While I was eating, I had to contend with two white guys sitting about two tables from me and every other word out of one of their mouths was some four letter word or other bit of profanity.  Now, I like to think of myself as somewhat of a master of profanity, I like to be creative with it but I try not to use it in public unless I'm with people I know and then never loud enough that someone else might hear it and get offended.  Not so with this guy.  His vocabulary clearly indicated that he was the posterboy for having a GED or some trade school certificate.

I like profanity, it has its use, but using it as a replacement for common adjectives, especially when your voice carries clear across the restaurant, just really both disappoints me and lowers my opinion of you.  This guy was trash and it took a lot to ignore him because I don't think he was trying to get ignored.

Eventually he and his friend left, went outside and walked around my parked TA.  I watched them from my table as he gestured and pointed out features of my TA.  If he knew as much about Trans Ams as he knew about all the things he had been talking about then my guess was half of what he was telling his friend about my TA was being made up on the spot.  Probably something like ... "Yeah, but the 350 with the carburetor on top was faster than that tuned port injection shit that they put on some of them damn motors ..."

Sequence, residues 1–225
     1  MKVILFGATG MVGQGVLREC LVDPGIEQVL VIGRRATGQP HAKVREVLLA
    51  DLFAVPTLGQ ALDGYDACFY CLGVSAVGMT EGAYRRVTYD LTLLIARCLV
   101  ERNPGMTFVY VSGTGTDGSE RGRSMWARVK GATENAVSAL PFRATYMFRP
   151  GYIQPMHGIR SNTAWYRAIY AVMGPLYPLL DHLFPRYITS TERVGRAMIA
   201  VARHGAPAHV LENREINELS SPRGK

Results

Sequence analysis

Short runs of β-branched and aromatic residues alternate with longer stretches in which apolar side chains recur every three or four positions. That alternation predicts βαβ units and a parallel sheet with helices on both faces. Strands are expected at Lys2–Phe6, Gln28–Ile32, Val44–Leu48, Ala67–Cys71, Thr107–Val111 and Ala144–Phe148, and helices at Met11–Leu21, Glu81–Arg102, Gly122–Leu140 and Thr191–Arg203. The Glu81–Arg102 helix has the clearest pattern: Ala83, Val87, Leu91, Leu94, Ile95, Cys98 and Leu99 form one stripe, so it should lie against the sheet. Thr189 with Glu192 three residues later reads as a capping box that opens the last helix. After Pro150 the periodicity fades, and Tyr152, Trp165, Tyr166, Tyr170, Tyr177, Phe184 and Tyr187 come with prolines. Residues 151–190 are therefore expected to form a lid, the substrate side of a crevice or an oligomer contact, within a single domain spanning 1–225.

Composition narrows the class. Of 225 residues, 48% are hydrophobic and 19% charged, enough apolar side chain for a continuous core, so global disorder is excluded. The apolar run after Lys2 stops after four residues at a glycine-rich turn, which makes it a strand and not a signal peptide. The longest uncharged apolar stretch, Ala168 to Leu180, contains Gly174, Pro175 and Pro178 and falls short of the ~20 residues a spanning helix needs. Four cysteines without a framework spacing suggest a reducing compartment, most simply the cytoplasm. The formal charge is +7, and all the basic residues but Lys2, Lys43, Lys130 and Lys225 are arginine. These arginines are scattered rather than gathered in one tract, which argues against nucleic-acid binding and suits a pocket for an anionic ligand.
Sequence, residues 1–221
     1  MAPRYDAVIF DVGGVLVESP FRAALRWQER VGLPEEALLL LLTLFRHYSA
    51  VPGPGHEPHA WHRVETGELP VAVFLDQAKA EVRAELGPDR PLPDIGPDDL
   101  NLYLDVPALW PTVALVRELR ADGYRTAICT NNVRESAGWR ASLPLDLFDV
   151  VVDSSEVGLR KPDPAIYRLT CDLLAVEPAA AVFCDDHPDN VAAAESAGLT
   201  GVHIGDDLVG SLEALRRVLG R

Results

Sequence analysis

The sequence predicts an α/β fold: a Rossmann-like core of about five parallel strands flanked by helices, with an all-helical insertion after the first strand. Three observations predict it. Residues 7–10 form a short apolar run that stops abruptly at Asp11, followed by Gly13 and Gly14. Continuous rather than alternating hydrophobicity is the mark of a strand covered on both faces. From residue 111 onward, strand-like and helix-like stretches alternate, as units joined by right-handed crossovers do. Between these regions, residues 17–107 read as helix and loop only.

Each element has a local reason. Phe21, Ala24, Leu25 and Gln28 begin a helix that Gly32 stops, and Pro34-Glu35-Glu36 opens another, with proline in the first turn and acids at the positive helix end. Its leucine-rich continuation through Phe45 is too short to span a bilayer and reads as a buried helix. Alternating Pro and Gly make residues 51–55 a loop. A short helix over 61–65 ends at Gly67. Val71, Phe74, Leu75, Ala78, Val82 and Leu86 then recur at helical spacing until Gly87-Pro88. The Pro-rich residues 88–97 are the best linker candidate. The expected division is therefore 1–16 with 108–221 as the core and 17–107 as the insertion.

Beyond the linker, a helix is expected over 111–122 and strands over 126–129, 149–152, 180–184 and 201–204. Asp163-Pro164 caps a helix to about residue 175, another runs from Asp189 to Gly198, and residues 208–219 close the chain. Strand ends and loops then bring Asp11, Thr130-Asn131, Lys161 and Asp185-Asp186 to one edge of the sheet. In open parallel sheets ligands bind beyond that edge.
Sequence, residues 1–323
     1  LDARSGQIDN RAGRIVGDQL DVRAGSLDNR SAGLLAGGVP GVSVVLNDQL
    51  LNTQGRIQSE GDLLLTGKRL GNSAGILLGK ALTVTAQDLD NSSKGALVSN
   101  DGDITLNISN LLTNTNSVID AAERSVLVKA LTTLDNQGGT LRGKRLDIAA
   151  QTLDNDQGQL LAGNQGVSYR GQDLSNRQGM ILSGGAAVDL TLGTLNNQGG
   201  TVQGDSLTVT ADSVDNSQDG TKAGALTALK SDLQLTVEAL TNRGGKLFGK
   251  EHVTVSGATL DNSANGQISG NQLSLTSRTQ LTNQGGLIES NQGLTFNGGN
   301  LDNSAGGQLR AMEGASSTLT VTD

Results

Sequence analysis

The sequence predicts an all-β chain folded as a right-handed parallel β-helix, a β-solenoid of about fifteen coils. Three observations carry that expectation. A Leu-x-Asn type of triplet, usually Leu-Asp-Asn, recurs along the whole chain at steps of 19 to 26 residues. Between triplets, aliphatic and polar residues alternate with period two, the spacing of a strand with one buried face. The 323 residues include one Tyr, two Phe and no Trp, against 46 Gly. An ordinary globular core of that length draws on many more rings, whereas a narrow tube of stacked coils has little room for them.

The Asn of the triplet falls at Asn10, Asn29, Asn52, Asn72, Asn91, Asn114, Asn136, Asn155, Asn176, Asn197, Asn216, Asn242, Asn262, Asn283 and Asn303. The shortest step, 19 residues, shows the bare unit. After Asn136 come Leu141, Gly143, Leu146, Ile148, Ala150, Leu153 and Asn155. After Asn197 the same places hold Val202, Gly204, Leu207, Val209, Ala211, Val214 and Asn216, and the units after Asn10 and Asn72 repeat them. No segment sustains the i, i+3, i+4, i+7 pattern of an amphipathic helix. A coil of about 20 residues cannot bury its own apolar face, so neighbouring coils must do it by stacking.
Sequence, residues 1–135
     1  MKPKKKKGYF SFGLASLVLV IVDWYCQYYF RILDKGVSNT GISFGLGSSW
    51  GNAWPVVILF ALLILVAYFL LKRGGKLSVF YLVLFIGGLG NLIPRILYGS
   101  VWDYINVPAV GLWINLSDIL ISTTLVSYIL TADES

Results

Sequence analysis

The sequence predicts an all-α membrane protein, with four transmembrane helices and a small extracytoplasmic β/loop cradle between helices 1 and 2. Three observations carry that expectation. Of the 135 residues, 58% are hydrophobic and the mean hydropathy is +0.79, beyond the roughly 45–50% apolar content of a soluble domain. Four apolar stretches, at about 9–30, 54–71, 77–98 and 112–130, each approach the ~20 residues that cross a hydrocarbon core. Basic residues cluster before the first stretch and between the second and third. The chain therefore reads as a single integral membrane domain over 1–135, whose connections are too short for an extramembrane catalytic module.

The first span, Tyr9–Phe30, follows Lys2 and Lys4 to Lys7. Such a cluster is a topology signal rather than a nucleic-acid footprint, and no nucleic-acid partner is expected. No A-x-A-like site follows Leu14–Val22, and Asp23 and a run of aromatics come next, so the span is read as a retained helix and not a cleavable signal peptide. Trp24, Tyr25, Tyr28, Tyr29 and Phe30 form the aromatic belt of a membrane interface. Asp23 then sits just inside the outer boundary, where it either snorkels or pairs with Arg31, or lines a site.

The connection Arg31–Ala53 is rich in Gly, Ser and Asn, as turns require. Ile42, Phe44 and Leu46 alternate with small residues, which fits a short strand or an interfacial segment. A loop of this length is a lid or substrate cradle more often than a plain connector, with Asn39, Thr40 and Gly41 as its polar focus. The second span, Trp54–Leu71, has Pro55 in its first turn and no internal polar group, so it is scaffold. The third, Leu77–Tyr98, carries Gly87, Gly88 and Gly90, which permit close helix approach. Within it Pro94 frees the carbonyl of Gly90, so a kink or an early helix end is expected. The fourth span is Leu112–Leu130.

Like I said, the guy was a job, pure and simple.

While I was eating lunch, three other people, two older men and an older woman, all walked around the TA, talking, pointing and gesturing.  One of the older guys placed his order and while he was waiting on it he walked outside and strolled around the TA, looking in and all around it.

It's nice to own and drive something that no one else has and something that you hardly ever see again.  It's also nice to keep it factory stock so that everyone can see just what it looked like when it rolled off the assembly line way back in 1986.